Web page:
How many times have you walked away from the doctor’s office with a prescription for an antibiotic to treat a cold? Probably many. Over the decades we’ve been conditioned to believe that antibiotics are sort of an insurance policy against some malady that might be worse than a cold or that they will make the nasty symptoms magically disappear.
In recent years, study after study has shown that this “just-in-case” medicine comes with oodles of side effects and serious consequences that might make patients think twice before dashing off to the pharmacy. And yes, it might mean questioning your doctor’s judgment—something most patients are reluctant to do.
While antibiotics can cure a strep throat that’s caused by bacteria, they aren’t going to do much to get rid of a sore throat caused by a virus---the culprit causing most sore throats. And while they are helpful in clearing up bladder infections, says the Mayo Clinic, antibiotics aren’t much use when it comes to curing the flu or most coughs.
Still, doctors prescribe them anyway. Warnings surfaced more than 20 years ago that taking antibiotics when they are not helpful could make patients resistant to them years later when a serious infection develops. Such resistance may make it tough or even impossible to cure these patients.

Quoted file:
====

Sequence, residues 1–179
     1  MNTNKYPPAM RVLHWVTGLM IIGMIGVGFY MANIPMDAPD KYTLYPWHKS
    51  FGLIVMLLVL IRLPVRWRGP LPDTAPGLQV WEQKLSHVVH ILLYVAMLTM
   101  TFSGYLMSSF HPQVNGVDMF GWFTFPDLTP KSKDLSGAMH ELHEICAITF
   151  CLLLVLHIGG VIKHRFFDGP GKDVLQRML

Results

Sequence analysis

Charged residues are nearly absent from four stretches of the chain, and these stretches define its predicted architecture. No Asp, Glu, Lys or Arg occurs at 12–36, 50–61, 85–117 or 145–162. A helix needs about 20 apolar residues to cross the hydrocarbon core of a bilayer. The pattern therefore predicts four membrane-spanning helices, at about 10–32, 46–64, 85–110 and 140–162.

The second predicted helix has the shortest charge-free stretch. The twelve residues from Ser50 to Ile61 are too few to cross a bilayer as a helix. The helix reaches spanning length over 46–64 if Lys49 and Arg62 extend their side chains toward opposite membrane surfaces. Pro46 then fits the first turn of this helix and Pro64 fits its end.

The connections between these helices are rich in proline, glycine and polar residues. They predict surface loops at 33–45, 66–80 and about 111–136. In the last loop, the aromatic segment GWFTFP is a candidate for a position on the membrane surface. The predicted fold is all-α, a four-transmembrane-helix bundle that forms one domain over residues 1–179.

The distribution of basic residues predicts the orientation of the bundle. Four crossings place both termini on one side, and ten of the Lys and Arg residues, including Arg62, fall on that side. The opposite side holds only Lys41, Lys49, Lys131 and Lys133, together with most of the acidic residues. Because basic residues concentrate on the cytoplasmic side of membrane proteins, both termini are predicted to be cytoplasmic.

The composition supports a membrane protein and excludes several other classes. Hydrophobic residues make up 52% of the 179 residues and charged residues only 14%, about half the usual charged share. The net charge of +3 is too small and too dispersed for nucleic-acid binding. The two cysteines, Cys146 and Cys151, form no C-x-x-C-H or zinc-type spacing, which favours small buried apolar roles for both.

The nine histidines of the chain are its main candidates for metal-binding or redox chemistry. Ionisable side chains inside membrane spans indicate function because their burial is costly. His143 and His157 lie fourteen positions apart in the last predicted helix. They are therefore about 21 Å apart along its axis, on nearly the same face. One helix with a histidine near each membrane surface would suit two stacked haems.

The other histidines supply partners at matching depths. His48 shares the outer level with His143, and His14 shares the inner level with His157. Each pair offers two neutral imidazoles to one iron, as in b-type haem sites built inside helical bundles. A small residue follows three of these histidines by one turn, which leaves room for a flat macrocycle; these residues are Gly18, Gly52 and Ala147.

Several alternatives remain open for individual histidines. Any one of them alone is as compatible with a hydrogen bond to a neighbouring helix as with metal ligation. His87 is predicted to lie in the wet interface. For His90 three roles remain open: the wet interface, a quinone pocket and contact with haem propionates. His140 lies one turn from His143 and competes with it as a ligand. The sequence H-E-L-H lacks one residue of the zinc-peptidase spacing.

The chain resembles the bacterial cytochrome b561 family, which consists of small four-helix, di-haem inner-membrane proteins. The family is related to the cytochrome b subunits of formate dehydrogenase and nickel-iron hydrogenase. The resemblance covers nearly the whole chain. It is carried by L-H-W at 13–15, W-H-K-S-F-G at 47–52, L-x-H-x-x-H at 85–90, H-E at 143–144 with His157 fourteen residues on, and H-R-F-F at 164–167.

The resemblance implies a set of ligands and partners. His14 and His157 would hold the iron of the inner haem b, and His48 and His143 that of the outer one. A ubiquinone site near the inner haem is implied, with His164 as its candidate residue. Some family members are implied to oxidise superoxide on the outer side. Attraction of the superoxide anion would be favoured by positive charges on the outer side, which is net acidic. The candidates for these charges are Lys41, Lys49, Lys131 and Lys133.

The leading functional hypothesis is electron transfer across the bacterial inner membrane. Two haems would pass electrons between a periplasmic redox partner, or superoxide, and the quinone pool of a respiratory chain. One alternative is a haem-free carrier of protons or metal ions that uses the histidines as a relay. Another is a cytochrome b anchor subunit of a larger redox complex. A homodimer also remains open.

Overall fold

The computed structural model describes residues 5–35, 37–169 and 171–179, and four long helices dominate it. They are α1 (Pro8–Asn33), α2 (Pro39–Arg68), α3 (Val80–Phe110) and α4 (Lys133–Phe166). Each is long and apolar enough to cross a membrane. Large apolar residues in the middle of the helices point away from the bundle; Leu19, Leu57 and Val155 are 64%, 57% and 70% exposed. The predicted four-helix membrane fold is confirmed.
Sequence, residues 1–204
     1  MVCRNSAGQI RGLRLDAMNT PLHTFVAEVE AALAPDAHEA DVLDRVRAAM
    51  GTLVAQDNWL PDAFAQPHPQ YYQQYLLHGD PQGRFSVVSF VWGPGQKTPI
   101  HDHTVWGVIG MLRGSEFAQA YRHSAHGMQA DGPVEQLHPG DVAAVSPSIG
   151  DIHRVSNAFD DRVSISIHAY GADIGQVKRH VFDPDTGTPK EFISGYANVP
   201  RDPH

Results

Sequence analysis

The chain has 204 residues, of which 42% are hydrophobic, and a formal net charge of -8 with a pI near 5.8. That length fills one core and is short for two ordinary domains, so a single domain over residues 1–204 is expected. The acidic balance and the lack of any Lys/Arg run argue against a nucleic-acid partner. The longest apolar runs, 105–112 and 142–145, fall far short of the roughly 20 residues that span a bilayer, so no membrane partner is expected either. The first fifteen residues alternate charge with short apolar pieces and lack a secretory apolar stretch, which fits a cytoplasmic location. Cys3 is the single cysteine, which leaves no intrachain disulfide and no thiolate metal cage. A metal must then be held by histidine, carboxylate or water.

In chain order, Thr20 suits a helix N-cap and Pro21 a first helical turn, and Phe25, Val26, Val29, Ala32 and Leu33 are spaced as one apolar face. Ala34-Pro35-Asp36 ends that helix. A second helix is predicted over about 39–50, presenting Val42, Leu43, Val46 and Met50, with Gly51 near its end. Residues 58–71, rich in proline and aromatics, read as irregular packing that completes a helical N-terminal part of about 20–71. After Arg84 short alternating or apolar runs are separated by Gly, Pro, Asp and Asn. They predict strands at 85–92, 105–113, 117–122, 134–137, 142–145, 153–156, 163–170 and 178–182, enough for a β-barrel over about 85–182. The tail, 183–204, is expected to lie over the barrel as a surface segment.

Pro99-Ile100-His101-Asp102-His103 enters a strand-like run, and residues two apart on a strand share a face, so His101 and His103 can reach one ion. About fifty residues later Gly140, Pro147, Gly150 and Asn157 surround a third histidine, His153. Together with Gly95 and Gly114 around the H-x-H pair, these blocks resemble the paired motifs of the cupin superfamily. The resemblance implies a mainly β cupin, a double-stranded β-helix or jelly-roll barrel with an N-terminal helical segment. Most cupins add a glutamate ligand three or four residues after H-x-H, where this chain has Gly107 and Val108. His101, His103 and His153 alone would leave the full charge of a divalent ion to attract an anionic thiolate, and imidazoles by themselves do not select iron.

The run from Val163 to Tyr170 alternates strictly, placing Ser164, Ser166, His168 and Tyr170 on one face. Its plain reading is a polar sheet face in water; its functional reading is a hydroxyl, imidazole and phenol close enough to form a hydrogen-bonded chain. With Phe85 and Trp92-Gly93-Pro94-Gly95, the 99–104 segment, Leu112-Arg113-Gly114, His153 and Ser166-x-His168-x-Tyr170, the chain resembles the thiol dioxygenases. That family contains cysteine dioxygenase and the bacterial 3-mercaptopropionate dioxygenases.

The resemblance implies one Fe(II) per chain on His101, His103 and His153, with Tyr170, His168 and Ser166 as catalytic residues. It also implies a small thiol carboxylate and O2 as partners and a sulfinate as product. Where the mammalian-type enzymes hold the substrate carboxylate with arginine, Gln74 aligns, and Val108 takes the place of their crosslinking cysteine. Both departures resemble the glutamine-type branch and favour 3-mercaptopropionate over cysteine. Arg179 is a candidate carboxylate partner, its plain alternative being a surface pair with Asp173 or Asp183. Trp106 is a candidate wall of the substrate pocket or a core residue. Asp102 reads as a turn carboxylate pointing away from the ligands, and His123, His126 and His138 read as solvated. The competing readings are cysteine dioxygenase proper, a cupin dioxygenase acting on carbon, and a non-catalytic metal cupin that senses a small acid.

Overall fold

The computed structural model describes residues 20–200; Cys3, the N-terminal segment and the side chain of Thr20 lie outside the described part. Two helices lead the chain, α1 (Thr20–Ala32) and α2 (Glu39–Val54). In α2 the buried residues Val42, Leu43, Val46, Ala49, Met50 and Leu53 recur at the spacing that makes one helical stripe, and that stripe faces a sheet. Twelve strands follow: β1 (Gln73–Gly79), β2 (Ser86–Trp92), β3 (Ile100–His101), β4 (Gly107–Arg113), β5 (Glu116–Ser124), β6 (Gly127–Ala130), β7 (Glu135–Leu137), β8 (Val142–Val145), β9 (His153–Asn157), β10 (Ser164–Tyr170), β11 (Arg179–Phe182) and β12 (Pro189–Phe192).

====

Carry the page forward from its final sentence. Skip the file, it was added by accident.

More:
Yet last fall a study showed that between 1997 and 2010 primary care and emergency room doctors prescribed antibiotics about 60 percent of the time for sore throats. The lead researcher, a primary care doc from Brigham and Women’s Hospital in Boston, noted that “the right antibiotic prescribing rate for adults with sore throat is probably around 10 percent.” So it seems many of us are taking way too many of these drugs.
The fact that American doctors are all too willing to prescribe antibiotics hit home a couple of weeks ago when I was traveling in Europe. I had what seemed like a garden-variety cold several days before I left. Since it was lingering, I decided to check it out the day after I arrived in London and made my way to what the British call the A and E Department (for accidents and emergencies) at a nearby hospital.